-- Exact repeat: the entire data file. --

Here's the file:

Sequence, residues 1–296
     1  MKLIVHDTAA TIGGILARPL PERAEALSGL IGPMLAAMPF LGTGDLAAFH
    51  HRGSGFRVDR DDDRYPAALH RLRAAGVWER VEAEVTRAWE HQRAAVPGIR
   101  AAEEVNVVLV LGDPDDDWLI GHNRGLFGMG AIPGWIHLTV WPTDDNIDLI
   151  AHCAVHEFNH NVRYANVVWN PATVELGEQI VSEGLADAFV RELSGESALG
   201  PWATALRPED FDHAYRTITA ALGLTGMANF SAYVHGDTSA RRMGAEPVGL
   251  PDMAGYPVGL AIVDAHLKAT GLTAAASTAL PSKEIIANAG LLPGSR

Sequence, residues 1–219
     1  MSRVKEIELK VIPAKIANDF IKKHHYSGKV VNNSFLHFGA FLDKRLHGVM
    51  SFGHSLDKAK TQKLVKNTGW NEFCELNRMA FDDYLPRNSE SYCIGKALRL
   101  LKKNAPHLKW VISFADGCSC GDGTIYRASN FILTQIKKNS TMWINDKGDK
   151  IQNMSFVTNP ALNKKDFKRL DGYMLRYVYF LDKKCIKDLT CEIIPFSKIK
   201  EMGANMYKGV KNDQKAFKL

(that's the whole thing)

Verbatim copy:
Sequence, residues 1–296
     1  MKLIVHDTAA TIGGILARPL PERAEALSGL IGPMLAAMPF LGTGDLAAFH
    51  HRGSGFRVDR DDDRYPAALH RLRAAGVWER VEAEVTRAWE HQRAAVPGIR
   101  AAEEVNVVLV LGDPDDDWLI GHNRGLFGMG AIPGWIHLTV WPTDDNIDLI
   151  AHCAVHEFNH NVRYANVVWN PATVELGEQI VSEGLADAFV RELSGESALG
   201  PWATALRPED FDHAYRTITA ALGLTGMANF SAYVHGDTSA RRMGAEPVGL
   251  PDMAGYPVGL AIVDAHLKAT GLTAAASTAL PSKEIIANAG LLPGSR

Sequence, residues 1–219
     1  MSRVKEIELK VIPAKIANDF IKKHHYSGKV VNNSFLHFGA FLDKRLHGVM
    51  SFGHSLDKAK TQKLVKNTGW NEFCELNRMA FDDYLPRNSE SYCIGKALRL
   101  LKKNAPHLKW VISFADGCSC GDGTIYRASN FILTQIKKNS TMWINDKGDK
   151  IQNMSFVTNP ALNKKDFKRL DGYMLRYVYF LDKKCIKDLT CEIIPFSKIK
   201  EMGANMYKGV KNDQKAFKL